(R) You are right when you talk about Africans selling off fellow Africans to the slavers. Until they arrived in America, Africans did not have an "African" or "Black" identity -- they identified themselves as members of different tribes. It is not at all surprising that they would enslave one another. After all, the Greeks did the same.
(MB) As has nearly every non-trivial civilization in the history of Homo sapiens on Planet Earth. Your comment about African/Black identity is interesting. Certainly, not all Africans are Black, and not all Blacks are Africans. How does the African-American concept of "being Black" play with non-American Blacks around the world? Could an American citizen who is of Egyptian heritage (i.e, non-Black) correctly refer to himself as an "African-American"?

(R) However, I disagree with you on the matter of the civil war. You say "The defining moment in our history -- the Civil War -- was, revisionist historical nonsense to the contrary, fought over the issue of Negro slavery". It is true, yes, that the issue was Negro slavery. However, it was not concern over the human rights of negro slaves that prompted the war, but rather an issue of economics. At least, that is my belief.
(MB) Those explanations started to gain popularity in the 1960's -- possibly as an attempt to forget or belittle the importance (or even the existence) of slavery. History shows, however, that North and South tussled over numerous other issues during the decades prior to the Civil War, but in all cases, political compromises solved the problems and averted any possible military conflicts. Only on the issue of slavery was no compromise possible. The election of 1860 saw the Democratic party split three ways over the issue. This led directly to the election of Abraham Lincoln and the start of secessions among Southern states.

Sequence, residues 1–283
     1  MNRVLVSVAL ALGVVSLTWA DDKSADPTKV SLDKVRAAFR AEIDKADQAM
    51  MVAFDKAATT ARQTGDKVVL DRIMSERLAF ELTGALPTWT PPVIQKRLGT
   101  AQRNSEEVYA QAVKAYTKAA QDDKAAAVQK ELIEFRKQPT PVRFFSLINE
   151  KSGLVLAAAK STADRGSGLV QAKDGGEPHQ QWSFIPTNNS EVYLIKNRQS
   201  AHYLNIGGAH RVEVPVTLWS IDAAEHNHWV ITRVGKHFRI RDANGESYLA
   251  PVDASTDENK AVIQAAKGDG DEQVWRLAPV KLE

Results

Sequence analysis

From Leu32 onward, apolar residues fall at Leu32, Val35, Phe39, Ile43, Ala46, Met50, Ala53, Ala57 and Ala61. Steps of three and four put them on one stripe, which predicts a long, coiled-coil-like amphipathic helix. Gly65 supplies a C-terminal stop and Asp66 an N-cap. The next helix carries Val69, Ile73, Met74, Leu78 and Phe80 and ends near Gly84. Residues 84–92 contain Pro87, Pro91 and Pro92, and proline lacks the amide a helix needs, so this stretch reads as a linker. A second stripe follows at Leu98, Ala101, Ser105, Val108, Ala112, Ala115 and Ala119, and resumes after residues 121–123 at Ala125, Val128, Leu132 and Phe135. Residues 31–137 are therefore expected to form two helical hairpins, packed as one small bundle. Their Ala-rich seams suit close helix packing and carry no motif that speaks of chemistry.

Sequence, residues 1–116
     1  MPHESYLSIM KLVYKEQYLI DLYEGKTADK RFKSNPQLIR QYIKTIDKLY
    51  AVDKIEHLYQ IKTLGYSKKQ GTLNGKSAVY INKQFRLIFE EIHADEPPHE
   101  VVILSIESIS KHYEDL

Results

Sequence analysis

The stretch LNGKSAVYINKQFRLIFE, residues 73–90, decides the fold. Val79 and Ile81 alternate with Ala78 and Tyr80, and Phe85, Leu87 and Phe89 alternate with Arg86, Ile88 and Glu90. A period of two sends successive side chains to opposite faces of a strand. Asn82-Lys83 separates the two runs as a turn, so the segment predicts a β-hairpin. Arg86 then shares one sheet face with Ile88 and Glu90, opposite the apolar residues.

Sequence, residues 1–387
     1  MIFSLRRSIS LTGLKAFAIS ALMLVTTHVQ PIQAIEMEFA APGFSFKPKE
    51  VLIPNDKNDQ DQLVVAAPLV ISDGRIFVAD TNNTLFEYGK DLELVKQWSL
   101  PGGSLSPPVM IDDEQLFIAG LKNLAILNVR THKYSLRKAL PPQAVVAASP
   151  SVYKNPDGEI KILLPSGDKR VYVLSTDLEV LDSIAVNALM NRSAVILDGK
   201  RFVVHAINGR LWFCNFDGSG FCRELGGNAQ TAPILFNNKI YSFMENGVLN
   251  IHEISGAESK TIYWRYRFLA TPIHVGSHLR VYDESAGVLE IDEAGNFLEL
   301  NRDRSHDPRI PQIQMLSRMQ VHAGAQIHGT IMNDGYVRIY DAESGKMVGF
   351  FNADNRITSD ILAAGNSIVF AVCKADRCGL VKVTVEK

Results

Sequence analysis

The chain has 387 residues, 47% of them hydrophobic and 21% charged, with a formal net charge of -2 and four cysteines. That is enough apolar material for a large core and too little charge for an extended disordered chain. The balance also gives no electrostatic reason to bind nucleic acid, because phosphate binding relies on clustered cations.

(R) By the way, I just finished watching Roots, and it was quite an embarassment to the film company, I'm sure. In one scene, people are saying things that people of that time would *never* have thought of. Conversations that would only take place in our modern PC-oriented society.
(MB) That's typical of almost any movie depicting historical events in the distant past. If completely accurate language or viewpoints were used, most viewers would either not understand what was really being said (e.g, most of Shakespeare's plays) or would be seriously offended and might boycott the sponsors' products.

(R) Secondly, Abraham Lincoln is portrayed as some kind of hero who freed the slaves.
(MB) That, at least, would be historically accurate -- at least as far as the masses were concerned at that time.

(R) As I recall, he freed the slaves to reduce the economic viability of the rebelling states, not because he really felt that black people should be free.
(MB) True. His reasons for emancipation had more to do with crippling the enemy, but it was a sound decision at the time and had a great effect.

(R) I am not in any way supporting slavery or racism. I simply have a more cynical view of history and the U.S. government.
(MB) Healthy doses of cynicism and/or skepticism are good things. Otherwise, one is vulnerable to all sorts of BS that those with underlying agendas might attempt to foist off on us. Unfortunately, few people bother to examine the lessons of the past in their true context. One can't have informed opinions today without a good understanding of what really happened yesterday.